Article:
Milk and lactose intakes and ovarian cancer risk in the Swedish Mammography Cohort.Am J Clin Nutr 2004; 80(5):1353-7AJ
High intakes of dairy products and of the milk sugar lactose have been hypothesized to increase ovarian cancer risk, but prospective data are scarce.
We examined the association between intakes of dairy products and lactose and the risk of total epithelial ovarian cancer and its subtypes.
This was a prospective population-based cohort study of 61 084 women aged 38-76 y who were enrolled in the Swedish Mammography Cohort. Diet was assessed in 1987-1990 with the use of a self-administered food-frequency questionnaire. During an average follow-up of 13.5 y, 266 women were diagnosed with invasive epithelial ovarian cancer; 125 of those women had serous ovarian cancer.
After adjustment for potential confounders, women who consumed >/=4 servings of total dairy products/d had a risk of serous ovarian cancer (rate ratio: 2.0; 95% CI: 1.1, 3.7; P for trend = 0.06) twice that of women who consumed <2 servings/d. No significant association was found for other subtypes of ovarian cancer. Milk was the dairy product with the strongest positive association with serous ovarian cancer (rate ratio comparing consuming >/=2 glasses milk/d with consuming milk never or seldom: 2.0; 95% CI: 1.1, 3.7; P for trend = 0.04). We observed a positive association between lactose intake and serous ovarian cancer risk (P for trend = 0.006).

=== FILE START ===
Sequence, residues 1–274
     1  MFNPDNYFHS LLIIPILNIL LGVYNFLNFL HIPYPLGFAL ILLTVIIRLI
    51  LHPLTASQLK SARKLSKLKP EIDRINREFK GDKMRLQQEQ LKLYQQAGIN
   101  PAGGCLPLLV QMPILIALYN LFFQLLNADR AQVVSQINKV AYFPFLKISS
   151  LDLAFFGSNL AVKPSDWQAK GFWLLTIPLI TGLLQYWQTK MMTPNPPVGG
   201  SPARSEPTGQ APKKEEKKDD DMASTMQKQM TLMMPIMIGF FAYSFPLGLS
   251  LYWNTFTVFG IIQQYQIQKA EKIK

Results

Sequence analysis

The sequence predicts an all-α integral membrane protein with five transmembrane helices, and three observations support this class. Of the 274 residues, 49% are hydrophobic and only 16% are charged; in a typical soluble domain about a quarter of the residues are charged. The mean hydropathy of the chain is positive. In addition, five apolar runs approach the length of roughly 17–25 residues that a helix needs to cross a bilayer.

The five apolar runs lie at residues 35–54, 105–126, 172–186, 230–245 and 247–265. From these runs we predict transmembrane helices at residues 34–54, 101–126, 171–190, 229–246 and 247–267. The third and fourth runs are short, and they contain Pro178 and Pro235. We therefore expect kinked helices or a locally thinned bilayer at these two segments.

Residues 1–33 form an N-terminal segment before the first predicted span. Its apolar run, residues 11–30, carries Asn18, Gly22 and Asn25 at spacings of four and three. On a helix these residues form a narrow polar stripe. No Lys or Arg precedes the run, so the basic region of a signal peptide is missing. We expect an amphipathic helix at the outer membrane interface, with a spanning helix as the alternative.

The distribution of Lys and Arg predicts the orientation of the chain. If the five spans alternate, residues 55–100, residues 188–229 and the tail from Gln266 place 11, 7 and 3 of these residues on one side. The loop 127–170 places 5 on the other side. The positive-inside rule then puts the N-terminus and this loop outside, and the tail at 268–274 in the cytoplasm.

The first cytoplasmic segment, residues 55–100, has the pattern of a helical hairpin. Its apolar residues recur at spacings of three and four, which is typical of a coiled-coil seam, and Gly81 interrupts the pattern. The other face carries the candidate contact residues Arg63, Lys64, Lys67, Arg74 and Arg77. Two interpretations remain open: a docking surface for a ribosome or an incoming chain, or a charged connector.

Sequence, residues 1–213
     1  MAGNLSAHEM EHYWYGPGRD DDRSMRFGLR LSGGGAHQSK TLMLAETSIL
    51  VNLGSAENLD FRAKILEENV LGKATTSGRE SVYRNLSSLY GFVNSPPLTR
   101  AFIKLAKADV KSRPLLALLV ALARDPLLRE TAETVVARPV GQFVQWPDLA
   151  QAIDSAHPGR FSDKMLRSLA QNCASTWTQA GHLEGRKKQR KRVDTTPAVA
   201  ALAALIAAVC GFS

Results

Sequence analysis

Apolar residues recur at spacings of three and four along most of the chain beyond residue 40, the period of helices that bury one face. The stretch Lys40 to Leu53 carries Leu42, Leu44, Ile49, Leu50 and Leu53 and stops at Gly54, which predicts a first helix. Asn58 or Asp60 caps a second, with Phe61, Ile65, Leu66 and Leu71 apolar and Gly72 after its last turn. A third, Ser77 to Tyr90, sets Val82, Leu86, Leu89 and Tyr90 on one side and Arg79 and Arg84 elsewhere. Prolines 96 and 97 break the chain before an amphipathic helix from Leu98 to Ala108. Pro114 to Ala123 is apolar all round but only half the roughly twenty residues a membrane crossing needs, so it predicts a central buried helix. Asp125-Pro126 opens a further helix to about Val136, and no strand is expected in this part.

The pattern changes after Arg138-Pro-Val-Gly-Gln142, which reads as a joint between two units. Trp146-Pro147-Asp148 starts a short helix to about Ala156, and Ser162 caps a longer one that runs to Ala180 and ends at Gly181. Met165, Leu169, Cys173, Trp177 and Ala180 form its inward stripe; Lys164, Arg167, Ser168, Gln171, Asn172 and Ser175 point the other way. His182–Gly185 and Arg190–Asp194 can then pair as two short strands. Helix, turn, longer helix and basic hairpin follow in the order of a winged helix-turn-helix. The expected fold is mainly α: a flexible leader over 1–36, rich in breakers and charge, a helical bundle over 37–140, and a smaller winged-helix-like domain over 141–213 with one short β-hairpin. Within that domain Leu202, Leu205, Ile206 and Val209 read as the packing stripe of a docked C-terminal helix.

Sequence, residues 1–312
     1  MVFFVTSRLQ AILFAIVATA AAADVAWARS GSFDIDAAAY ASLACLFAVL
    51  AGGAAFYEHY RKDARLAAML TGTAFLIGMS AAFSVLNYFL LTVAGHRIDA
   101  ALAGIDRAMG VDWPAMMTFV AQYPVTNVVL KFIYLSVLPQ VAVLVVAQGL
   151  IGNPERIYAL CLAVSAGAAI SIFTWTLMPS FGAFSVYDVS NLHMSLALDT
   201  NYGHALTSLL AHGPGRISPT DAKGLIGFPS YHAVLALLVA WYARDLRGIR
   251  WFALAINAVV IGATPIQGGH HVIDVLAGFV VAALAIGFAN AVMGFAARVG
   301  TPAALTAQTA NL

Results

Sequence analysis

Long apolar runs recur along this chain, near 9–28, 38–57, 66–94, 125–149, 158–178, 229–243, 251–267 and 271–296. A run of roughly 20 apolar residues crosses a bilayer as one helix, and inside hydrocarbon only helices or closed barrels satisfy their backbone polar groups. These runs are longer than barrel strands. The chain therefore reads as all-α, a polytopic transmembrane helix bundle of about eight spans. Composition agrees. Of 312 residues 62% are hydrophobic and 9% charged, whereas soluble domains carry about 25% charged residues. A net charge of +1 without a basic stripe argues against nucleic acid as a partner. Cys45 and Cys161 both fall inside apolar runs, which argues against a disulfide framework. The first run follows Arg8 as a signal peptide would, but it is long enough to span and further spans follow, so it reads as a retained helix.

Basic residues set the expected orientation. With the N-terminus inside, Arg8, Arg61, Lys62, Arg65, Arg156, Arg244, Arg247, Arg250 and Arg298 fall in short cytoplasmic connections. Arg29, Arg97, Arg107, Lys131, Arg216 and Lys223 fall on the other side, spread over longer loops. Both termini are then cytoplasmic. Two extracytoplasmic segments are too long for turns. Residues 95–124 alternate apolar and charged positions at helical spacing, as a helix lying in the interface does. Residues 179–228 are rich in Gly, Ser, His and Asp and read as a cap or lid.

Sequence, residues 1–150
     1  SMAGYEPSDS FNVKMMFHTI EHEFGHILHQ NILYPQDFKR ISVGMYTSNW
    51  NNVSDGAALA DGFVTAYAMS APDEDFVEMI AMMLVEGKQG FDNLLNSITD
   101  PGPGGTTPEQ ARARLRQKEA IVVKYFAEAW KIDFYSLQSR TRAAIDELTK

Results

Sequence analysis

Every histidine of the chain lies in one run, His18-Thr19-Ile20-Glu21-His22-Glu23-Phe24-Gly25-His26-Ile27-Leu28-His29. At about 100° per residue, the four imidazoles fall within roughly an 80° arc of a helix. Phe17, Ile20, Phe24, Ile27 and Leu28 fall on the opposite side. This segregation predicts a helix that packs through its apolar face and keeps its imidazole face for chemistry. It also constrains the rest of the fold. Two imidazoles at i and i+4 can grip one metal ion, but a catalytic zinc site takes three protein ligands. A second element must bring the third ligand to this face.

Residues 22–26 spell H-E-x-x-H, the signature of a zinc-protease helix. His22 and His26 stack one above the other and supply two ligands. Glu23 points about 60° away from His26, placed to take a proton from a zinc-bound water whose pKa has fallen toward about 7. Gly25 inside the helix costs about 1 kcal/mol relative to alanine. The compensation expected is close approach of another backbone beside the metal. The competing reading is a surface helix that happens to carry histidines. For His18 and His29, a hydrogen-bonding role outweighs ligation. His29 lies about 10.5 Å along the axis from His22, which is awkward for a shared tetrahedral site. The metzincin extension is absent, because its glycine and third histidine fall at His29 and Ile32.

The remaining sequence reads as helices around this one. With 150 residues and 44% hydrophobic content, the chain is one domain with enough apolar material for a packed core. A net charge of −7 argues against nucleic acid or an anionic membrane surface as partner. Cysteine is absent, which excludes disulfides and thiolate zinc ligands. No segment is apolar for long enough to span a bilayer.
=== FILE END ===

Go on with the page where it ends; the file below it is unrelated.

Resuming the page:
Our data indicate that high intakes of lactose and dairy products, particularly milk, are associated with an increased risk of serous ovarian cancer but not of other subtypes of ovarian cancer. Future studies should consider ovarian cancer subtypes separately.